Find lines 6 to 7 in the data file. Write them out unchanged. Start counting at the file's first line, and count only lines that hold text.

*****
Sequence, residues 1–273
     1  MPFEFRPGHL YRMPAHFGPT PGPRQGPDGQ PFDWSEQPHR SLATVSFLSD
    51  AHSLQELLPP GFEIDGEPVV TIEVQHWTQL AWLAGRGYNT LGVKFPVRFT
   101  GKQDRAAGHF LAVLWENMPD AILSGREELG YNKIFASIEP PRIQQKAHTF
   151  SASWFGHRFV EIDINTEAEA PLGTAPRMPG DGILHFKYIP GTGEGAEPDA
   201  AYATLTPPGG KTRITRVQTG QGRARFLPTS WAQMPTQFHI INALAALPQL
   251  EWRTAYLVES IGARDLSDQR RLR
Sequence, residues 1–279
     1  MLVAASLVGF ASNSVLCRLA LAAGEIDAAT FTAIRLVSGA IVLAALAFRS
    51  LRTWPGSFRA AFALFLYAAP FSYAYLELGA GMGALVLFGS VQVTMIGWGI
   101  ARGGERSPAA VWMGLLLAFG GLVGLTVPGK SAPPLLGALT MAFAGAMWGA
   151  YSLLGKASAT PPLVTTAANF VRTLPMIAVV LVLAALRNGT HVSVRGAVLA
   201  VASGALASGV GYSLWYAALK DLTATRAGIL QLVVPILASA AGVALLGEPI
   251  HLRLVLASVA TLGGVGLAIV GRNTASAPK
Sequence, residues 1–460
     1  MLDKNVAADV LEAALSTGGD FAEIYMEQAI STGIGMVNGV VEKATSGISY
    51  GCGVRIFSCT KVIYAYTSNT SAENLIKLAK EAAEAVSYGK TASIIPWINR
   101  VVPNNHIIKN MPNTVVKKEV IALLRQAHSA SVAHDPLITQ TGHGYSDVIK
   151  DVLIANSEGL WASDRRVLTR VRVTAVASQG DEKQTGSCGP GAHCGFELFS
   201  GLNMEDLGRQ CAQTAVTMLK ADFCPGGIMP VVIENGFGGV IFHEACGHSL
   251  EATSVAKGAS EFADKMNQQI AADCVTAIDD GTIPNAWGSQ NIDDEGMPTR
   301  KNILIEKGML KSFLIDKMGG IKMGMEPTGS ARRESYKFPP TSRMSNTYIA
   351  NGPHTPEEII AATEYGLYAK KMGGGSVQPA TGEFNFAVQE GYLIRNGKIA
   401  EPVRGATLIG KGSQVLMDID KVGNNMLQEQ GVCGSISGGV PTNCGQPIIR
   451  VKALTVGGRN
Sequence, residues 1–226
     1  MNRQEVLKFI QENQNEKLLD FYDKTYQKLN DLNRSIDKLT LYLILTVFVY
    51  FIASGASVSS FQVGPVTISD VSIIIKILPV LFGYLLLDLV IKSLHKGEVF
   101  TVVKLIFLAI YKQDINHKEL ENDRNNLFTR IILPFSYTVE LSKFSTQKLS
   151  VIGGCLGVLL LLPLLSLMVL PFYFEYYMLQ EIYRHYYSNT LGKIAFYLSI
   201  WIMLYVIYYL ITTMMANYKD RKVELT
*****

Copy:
   201  AYATLTPPGG KTRITRVQTG QGRARFLPTS WAQMPTQFHI INALAALPQL
   251  EWRTAYLVES IGARDLSDQR RLR